The OECD's Power of Youth series showcases the perspectives and experiences of young people who are shaping the future. Exploring topics from gender equality and education to climate and careers, the series gives a voice to young advocates and activists who we met in different events, as well as members of Youthwise, the OECD's youth advisory board. Aiming to foster the fruitful exchange of expertise and perspectives across fields to help us rise to this critical challenge, opinions expressed do not necessarily represent the views of the OECD.
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Please tell us a bit about yourself, specifically about why it was important to you to be part of the COP26 event.
My name is Brian, and I am from Dublin, Ireland. “The double anxiety of youth” event presented an important chance to highlight this crucial topic, which straddles climate anxiety and the transition to the world of work. The notion of a “double anxiety” accurately describes how this feeling is experienced by many young people, myself included. As a recent graduate, yes, I want to find a job that will provide me with security and an opportunity for a decent living; but equally, I want to ensure that any job I have is not contradicting the ecological and social values I hold.
What did you want to be when you were younger and what do you do now?
When I was younger, I wanted to be a footballer, of course. I was never a noticeable talent, so I have come to terms with the change of trajectory from footballer to the field of urban development, which is what I am interested in now. Since I am looking for a job right now, it is difficult to say exactly where I will end up. I have seen enough to know what I am good at, which is seeing the big picture, telling stories and listening to people. If an opportunity arose in policy or project work realising positive change in cities, I think I could make a serious contribution there. I will have to wait and see.
I find it hard to look past the data indicating 40% of people aged 18-29 feel their views are not considered in the design of public services. It is hardly a surprise. The Inter-Parliamentary Union suggests that worldwide 2.6% of parliamentarians are under the age of 30; OECD data suggests that those under 40 make up just 22% of parliamentarians across OECD member states. We have the idea that at the ballot box we should be voting for experience, but voters oftentimes conflate age with experience. The democratic deficit all too often results in young people becoming lambs at the political altar. It is not feasible to build the world of the future when its stewards are systematically excluded from the institutions tasked with shaping it.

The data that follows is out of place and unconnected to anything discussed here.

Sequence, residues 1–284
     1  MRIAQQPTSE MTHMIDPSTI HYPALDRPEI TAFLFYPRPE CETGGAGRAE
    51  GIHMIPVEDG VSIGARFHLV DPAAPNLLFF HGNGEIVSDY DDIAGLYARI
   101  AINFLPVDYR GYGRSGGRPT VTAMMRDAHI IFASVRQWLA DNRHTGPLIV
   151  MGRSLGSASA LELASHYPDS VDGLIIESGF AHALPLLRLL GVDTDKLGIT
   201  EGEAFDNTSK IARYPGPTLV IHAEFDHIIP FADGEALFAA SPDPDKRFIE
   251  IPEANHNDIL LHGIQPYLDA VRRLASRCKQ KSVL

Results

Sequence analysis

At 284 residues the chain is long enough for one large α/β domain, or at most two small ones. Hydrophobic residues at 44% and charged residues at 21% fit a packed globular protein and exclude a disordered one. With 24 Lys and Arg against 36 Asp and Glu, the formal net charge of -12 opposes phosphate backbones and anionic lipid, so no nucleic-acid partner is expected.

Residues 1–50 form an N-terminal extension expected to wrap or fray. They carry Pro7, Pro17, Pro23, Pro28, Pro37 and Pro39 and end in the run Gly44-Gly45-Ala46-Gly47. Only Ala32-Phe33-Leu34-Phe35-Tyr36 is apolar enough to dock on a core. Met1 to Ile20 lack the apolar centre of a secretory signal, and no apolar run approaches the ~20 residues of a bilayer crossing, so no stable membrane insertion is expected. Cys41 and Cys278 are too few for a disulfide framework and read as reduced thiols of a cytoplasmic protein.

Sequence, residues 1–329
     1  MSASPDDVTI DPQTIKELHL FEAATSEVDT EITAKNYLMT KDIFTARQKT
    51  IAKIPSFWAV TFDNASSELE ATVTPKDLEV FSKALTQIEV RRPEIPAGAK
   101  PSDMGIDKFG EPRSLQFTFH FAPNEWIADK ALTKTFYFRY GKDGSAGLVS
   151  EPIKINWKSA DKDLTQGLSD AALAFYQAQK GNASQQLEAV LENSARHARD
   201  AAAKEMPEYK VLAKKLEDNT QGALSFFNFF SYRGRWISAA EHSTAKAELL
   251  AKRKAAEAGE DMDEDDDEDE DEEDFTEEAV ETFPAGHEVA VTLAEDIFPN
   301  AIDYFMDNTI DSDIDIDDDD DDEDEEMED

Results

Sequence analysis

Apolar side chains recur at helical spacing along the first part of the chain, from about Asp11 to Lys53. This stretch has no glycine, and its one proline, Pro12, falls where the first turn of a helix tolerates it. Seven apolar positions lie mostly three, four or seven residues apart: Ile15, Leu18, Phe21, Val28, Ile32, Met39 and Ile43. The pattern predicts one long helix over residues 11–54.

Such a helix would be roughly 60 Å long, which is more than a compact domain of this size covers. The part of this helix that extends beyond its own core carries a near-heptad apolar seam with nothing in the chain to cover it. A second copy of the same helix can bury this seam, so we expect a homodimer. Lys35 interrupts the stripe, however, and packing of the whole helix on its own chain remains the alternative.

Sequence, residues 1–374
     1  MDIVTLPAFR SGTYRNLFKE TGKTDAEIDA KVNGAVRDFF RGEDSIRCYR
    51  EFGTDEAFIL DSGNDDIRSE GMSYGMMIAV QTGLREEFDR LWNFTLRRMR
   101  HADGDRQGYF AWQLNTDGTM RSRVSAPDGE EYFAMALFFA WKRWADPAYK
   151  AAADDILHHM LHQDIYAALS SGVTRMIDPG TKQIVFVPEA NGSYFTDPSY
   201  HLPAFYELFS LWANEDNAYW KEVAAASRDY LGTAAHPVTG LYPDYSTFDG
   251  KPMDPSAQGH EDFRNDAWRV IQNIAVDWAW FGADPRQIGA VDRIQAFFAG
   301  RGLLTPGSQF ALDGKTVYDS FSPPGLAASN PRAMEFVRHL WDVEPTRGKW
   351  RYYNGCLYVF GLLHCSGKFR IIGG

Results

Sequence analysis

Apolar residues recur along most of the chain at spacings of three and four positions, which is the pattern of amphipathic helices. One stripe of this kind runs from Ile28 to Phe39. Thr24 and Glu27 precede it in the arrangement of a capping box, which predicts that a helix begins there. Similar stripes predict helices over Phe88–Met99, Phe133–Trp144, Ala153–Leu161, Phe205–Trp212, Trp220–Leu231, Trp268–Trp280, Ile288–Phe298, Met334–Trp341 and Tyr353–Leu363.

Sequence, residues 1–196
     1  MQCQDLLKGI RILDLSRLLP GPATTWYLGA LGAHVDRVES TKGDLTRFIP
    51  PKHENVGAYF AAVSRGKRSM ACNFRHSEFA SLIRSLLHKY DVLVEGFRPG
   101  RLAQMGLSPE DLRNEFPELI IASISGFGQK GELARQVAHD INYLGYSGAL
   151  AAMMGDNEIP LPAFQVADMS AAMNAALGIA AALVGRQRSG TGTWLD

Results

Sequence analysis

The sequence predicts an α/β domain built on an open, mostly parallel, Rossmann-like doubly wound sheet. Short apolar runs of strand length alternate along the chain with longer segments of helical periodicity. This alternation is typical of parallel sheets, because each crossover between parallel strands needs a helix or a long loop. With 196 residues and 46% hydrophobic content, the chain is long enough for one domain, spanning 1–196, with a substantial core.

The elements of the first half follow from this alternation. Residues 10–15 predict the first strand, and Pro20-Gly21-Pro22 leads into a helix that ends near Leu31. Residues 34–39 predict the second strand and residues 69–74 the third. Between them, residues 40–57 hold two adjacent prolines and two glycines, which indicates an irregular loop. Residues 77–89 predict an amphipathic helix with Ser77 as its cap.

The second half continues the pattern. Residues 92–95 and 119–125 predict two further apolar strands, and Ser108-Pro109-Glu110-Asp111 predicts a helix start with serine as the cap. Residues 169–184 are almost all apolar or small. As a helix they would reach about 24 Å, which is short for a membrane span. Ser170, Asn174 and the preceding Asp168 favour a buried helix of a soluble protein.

Read the OECD policy paper Young people’s concerns during COVID-19: Results from risks that matter 2020 that provides cross-national information on young people’s concerns, perceived vulnerabilities and policy preferences.
What is the most striking take-away from the panel you participated in?
There were incredibly insightful contributions made by all members of the panel at the event. The most striking of these came from Sean Hinton, who remarked that when we conceptualise “green jobs” we should not silo this idea as solely occurring within science, engineering and technology. His point was that all jobs in the future will become green. I was struck by this, as his message has power to bring on board those working in industries that currently feel removed from, or threatened by transition discourse. Much work remains to be done in these spheres; to broaden and consolidate channels of communication without appealing to the chicanery of greenwashing. Many bodies in politics and industry remain averse to the change we need: one that genuinely prioritises the green transition.
Tell us about one youth-led initiative–either one that you work on, or another–that you find particularly inspiring.
One of the youth-led initiatives that inspires me is a group of young economists based in Germany called FiscalFuture. Using evidence-based solutions, they advocate for fiscal policy that is sustainable and engenders intergenerational justice as its core. They believe youth should have a voice on the economic stage. They have done innovative advocacy work to bring into question “common-sense” economic logic that is neither common nor makes sense; many of these approaches are bywords for austerity and fiscal tightening, which inevitably sacrifice the long-term welfare of youth for the protection of select economic interests. Though small, with an impressive mix of youth, knowledge and values, their model and work thus far is deserving of huge credit.
Find out more about the OECD's Power of Youth project
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